Earlier this season the 40-year-old Hick became only the second player since World War II, after Yorkshire great Geoffrey Boycott, to score a hundred first-class hundreds for a single county and only the eighth player in all to achieve the feat.
Worcestershire chief executive Mark Newton said the club had no qualms about offering Hick, whose present deal expires at the end of the current campaign, a contract for what would be a 24th season of county cricket.
"Graeme is a legend of Worcestershire cricket and is having another good season," Newton explained.
I can confirm we recently discussed the situation with him and would love to see him continue to re-write the record books here at Worcestershire.
"The offer has been made and Graeme has asked for time to consider the situation," he added.
Hick's 139 against Northamptonshire in June, as well as being his hundredth hundred for Worcestershire, was the 130th first-class century of his career.
It left him in eighth place in the all-time lost of first-class centurions.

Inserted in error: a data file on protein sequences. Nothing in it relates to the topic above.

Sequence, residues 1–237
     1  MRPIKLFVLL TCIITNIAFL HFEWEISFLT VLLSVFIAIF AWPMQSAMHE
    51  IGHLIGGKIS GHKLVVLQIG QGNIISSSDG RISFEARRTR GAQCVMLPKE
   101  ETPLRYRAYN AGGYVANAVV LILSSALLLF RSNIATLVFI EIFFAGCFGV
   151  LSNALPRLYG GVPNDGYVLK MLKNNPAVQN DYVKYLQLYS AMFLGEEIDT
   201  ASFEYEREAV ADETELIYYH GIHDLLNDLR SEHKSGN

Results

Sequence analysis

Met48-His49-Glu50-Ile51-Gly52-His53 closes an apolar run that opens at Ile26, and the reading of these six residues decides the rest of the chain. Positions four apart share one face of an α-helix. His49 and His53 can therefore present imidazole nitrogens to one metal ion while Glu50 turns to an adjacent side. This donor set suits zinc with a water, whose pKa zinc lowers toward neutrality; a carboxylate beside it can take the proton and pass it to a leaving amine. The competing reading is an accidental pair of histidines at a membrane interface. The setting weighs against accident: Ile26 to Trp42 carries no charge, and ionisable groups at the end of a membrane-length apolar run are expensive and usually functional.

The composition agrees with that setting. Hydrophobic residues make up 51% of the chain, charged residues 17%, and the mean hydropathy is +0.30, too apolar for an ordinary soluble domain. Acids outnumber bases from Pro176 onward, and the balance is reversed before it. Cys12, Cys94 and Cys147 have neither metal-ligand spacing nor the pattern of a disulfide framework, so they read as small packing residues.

But unlike many players with a similarly glittering record in the county game Hick, born in what was then Rhodesia and now Zimbabwe, did not enjoy a highly successful Test career.
He was forced to serve a residential qualification period before making his England debut in 1991.
Repeatedly dropped and recalled by England, he was famously labelled "a flat-track bully" by New Zealand coach John Bracewell.
Hick played the last of his 65 Tests against Sri Lanka at Kandy in 2001, finishing with 3,383 runs at a modest average of 31.32 with six hundreds.
But his first-class record will be tough for any contemporary or future player to top.
Since Hick made his Worcestershire debut in 1984, there has been a huge reduction in the number of first-class fixtures.
Meanwhile the accompanying growth in the Test programme has led to England batsmen making fewer and fewer appearances for their counties, with the national team management increasingly ordering to them rest between international matches.